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Use of Electrical Weapons in Law Enforcement

Posted by Mark Kroll on May 23, 2016 at 12:21 PM

Our guest on the latest episode of PRIMA Podcasts is Dr. Mark Kroll, an adjunct professor of biomedical engineering at the University of Minnesota and California Polytechnic University. Dr. Kroll is the former chief technology officer and senior vice president of St. Jude Medical Inc. His primary area of research is the effects of electricity on the human body.

What do electrical weapons do and when are they used?

Dr. Kroll notes that most people refer to electrical weapons as “Tasers” because that is the dominant brand, but "electrical weapons" is the more formal and accurate term. These weapons work by delivering a mild shock with finely-tuned pulses to control muscles. They are generally used by law enforcement officers to stop aggression or resistance in a suspect. He explains that these devices significantly remove stresses and risks of injury associated with other uses of force like baton strikes and wrestling.

The protocols for electrical weapons are numerous and varied due to their rapid adoption by law enforcement agencies. When they are allowed to be used varies based on the force continuum at different agencies – they could be placed right above verbal commands, or all the way up near lethal force. There is currently no single standard on the usage of electrical weapons as the legal implications and best practices of these devices are still in development.

Reduced rate of injury and death

The Department of Justice has sponsored numerous studies on the use of electrical weapons. These studies have shown that suspect injuries, such as bruising and broken bones, have been reduced by about two-thirds compared to pepper spray, batons and wrestling. This has in turn led to a reduction in lawsuit settlements, litigation, and the reduction of officer injuries by 40% to 70%, thereby reducing workers' compensation claims.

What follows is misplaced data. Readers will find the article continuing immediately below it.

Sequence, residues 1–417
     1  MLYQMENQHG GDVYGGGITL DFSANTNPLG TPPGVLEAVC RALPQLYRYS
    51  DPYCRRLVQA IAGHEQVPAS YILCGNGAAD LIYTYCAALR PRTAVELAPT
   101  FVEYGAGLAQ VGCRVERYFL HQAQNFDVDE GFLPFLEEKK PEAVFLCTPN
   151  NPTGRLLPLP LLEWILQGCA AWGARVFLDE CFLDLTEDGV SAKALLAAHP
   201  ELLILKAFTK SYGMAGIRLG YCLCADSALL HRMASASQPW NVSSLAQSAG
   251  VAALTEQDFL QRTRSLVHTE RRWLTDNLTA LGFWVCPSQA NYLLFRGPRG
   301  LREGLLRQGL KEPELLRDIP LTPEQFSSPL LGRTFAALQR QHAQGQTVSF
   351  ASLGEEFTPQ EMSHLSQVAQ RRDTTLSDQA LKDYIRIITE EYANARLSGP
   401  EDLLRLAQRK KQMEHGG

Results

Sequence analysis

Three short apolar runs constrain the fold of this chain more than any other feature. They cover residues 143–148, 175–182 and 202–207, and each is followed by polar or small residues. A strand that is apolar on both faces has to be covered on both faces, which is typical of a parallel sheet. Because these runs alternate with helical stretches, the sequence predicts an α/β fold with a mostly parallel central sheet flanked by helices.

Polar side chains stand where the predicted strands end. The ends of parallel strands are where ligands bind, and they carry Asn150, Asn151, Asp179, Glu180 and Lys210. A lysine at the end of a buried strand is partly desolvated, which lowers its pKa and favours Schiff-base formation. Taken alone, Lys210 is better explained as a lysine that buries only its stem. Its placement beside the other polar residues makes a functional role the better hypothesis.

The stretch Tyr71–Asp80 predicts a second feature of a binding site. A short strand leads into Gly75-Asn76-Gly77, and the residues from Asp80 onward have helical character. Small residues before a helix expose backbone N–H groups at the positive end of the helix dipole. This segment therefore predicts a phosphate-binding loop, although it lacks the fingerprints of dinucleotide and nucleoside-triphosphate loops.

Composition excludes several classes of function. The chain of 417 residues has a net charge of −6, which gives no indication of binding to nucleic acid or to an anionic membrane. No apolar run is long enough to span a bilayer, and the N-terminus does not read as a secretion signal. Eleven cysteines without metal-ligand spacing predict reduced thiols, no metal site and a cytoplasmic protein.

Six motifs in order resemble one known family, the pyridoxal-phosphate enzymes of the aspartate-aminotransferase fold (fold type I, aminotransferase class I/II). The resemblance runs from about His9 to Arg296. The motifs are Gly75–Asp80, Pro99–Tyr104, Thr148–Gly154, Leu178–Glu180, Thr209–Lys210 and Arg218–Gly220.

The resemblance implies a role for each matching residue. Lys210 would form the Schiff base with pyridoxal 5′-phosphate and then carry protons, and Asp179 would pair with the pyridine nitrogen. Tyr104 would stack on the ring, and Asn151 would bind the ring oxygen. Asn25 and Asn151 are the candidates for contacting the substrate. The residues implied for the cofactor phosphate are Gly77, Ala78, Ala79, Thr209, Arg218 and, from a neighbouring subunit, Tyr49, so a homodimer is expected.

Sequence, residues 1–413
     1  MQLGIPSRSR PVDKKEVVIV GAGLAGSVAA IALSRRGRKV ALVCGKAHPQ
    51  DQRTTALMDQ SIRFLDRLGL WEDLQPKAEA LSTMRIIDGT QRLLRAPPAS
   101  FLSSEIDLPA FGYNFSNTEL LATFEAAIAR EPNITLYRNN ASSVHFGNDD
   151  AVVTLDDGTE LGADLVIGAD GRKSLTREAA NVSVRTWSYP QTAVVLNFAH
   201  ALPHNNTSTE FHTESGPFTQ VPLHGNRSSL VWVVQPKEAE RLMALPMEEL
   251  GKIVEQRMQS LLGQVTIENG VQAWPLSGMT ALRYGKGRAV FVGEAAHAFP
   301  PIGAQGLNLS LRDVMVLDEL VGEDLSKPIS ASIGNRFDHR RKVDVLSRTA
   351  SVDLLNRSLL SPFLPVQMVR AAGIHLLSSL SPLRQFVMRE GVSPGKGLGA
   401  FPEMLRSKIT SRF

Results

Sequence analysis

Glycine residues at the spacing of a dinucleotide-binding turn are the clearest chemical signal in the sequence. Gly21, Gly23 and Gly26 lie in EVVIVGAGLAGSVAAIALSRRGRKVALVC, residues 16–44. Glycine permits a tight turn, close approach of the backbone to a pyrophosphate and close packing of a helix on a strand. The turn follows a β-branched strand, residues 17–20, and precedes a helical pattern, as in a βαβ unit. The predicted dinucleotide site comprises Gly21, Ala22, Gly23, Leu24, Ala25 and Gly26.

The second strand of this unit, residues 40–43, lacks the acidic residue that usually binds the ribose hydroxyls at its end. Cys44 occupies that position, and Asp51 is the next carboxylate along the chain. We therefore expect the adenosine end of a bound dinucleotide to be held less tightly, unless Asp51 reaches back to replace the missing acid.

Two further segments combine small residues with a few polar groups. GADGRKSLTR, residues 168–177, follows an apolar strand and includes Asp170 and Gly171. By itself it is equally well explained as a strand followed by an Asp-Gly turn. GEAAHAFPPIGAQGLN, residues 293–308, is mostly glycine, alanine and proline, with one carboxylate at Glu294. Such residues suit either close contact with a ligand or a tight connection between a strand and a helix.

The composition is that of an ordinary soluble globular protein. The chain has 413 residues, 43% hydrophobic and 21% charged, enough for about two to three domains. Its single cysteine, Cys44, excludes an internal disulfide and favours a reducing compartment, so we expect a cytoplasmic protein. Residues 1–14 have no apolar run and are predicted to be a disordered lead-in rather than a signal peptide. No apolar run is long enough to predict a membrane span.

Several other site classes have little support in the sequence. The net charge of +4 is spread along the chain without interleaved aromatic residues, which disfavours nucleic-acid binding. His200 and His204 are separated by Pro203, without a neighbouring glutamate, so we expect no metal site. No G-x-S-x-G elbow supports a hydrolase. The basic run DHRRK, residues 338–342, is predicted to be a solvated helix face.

The use of electrical weapons has also reduced fatal officer shootings by about two-thirds. Dr. Kroll emphasizes that this reduction occurs only at agencies where officers are allowed to use the devices at their discretion. He emphasizes that at agencies that do not permit the use of electrical weapons until there is active resistance or aggression, studies could not effectively demonstrate a reduction in shootings. This may be due to the fact that an officer needs time and distance to use an electrical weapon effectively, and when faced with active resistance or aggression, may be more likely to use a firearm instead.

Risks associated with electrical weapons

Muscle lock-up leading to a fatal fall. This commonly occurs if the subject is on an elevated surface or running on pavement. There have been only 16 such cases reported worldwide.

Fires.  If a suspect has doused himself in gasoline, the spark from the electrical weapon can ignite the fumes and cause the suspect to burn to death. There have been only 3 of 4 fatal fires reported worldwide.

Single-eye blindness. There have been 6 cases reported worldwide for this non-fatal injury.

Reducing myths and misunderstandings

Dr. Kroll explains that, while the public fears electrocution to be a risk associated with electrical weapons, this does not appear to be possible because the weapons adhere to the same guidelines as electric fences.

He also points out that the average person has no real benchmark to know the difference between fatal and non-fatal shock. And while an electrical weapon can generate an arc of up to 50,000 volts to penetrate clothing, this isn't enough to go into the body. The actual pulse voltage is 600 volts, and the weapon delivers short pulses at 18 volts per second, with the average voltage at 1.14 – less than that from an AA battery.

As far as legal implications over misuse, as with any weapon, Dr. Kroll notes that misuse is markedly reduced with electrical weapons because all information regarding their usage is stored inside the device, as opposed to baton strikes or pepper spray. He underscores the importance of educating the public, local judiciary, government officials and media on statistics for electrical weapons and how they work in order to dispel misconceptions and misunderstandings.